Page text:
The controversy surrounding Karl Rove’s Conservative Victory Project, the new super PAC designed, according to the New York Times, to “recruit seasoned candidates and protect Senate incumbents from challenges by far-right conservatives and Tea Party enthusiasts who Republican leaders worry could complicate the party’s effort to win control of the Senate.” Elections guru Nate Silver now writes in the pages of the Times that Rove’s endorsement of candidates may actually backfire on those candidates, since Rove is perceived as an establishment insider. Money, says Silver, isn’t the deciding factor in Tea Party vs. establishment primaries – perception of conservatism is. Writes Silver:
[T]he overall message from the data should be reasonably clear. The establishment candidates substantially outraised the insurgents, by an average of $4.3 million to $1.2 million based on the last Federal Election Commission reports that the candidates filed in advance of the primary. (The difference in median fund-raising totals, which reduces the influence of outliers, is just as substantial: about $3 million for the establishment candidates versus about $400,000 for the insurgents.) And yet, the insurgent candidates won 11 of 23 races, or nearly half the contests.
Silver points out that if Rove is seen as having backed an establishment candidate against a Tea Party candidate, the establishment candidate could pay a heavy electoral price. Good examples include newly-minted Senator Ted Cruz, who was opposed by establishment-supported David Dewhurst in the Texas primaries, but won handily. Rep. Steve King (R-IA) is another candidate who would undoubtedly benefit from Rove’s opposition to his Senate candidacy – he currently leads in the primary polling.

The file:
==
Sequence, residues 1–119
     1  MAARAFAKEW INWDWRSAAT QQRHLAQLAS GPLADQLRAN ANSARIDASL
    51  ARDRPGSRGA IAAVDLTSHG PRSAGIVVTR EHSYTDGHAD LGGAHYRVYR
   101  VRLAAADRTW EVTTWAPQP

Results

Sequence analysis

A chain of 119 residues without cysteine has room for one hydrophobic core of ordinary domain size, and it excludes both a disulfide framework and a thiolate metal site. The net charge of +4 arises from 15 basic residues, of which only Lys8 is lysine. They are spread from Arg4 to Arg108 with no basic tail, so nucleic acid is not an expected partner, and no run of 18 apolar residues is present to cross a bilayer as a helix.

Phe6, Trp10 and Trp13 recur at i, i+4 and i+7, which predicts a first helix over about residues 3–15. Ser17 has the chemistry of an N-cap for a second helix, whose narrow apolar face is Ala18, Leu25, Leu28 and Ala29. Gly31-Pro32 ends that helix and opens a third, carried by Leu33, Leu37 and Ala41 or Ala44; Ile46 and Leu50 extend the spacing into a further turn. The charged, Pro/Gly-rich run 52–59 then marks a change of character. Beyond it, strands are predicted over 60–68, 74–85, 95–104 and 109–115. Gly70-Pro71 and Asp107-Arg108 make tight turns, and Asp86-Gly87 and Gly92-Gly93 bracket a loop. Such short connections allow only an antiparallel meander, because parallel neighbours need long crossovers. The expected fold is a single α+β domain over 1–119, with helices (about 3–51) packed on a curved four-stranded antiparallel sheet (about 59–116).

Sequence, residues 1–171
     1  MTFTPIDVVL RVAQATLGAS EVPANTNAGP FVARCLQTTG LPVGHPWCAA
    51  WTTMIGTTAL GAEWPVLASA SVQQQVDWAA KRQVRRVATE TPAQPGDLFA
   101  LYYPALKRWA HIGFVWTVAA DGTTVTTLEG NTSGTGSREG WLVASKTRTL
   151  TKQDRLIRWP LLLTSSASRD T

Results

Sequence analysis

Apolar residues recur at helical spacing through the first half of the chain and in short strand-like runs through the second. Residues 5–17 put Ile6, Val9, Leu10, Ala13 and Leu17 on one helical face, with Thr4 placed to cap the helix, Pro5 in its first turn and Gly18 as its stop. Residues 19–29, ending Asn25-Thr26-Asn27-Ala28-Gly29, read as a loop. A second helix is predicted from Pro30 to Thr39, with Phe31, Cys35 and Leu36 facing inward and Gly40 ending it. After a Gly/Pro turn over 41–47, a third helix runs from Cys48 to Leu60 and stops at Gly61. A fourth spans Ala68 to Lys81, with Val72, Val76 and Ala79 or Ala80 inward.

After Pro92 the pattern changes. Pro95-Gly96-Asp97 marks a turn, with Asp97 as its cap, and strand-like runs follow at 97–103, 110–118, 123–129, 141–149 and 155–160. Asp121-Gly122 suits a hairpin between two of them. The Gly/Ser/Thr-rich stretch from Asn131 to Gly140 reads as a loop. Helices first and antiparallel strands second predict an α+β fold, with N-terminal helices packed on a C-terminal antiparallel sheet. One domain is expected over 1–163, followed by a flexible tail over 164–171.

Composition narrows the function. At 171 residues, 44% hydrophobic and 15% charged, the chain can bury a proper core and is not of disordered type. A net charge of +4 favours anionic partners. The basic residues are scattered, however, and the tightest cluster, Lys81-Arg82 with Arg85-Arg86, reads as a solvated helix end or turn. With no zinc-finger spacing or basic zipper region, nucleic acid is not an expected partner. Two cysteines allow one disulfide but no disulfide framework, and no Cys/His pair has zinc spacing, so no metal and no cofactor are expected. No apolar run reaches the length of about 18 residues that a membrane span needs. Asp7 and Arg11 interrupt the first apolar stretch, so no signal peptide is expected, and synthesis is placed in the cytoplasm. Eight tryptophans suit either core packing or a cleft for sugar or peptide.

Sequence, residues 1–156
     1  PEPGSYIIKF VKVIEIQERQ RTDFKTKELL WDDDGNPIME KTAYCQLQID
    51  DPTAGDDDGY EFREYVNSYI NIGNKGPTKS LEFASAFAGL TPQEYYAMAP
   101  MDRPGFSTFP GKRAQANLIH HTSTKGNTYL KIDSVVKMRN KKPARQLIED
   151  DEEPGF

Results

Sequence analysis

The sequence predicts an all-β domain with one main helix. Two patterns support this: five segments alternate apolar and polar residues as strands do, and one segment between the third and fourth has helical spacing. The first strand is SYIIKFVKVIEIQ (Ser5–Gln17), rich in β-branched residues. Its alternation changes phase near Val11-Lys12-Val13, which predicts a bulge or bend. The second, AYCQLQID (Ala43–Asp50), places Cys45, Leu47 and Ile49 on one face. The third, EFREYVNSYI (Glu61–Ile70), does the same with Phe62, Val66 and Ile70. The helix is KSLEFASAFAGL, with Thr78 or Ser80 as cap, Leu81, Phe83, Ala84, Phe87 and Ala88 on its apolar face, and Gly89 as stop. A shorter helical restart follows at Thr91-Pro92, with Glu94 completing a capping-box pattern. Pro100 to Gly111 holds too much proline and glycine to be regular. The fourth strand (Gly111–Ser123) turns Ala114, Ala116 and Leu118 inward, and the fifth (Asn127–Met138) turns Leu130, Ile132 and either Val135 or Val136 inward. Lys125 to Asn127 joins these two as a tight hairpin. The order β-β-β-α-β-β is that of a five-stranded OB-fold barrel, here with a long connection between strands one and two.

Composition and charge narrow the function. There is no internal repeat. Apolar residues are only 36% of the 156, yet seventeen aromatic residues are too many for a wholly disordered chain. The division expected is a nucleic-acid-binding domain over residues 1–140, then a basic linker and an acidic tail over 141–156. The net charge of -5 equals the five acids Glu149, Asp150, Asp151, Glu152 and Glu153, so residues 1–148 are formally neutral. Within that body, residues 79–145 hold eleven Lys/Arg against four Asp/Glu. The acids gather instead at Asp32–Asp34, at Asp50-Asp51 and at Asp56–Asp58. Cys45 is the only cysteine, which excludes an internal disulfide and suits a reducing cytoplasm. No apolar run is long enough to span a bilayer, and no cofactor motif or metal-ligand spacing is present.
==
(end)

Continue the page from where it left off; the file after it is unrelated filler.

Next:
Meanwhile, Tea Party groups are mobilizing in opposition to the Conservative Victory Project’s stated goals. Jenny Beth Martin, founder of Tea Party Patriots, said, “He sounds like he’s challenging us, and we’re ready to rise to the challenge … I’m going to be engaging with the donors over the next several weeks to let them know what we’re doing and to show them that we can do what the Republican Party is not doing right now, which is building a ground game.”
Rove’s position as an establishment apparatchik has been minted over the past several years; in 2012, he reportedly even intervened with Komen for the Cure to encourage them to reinstate funding for Planned Parenthood as they came under assault from the Obama left. Before that, Rove’s position as the architect of a disastrous Bush second term that focused largely on socialistic spending schemes and a befuddled regulatory policy paved the way for Barack Obama’s ascent to power.
Rove says he isn’t interested in internecine warfare. Obviously, conservatives hope that’s the case. But if he begins to intervene in primaries by backing establishment types rather than helping to identify the best Tea Party candidates, Conservative Victory Project may become a net loser.
Ben Shapiro is Editor-At-Large of Breitbart News and author of the book “Bullies: How the Left’s Culture of Fear and Intimidation Silences America” (Threshold Editions, January 8, 2013).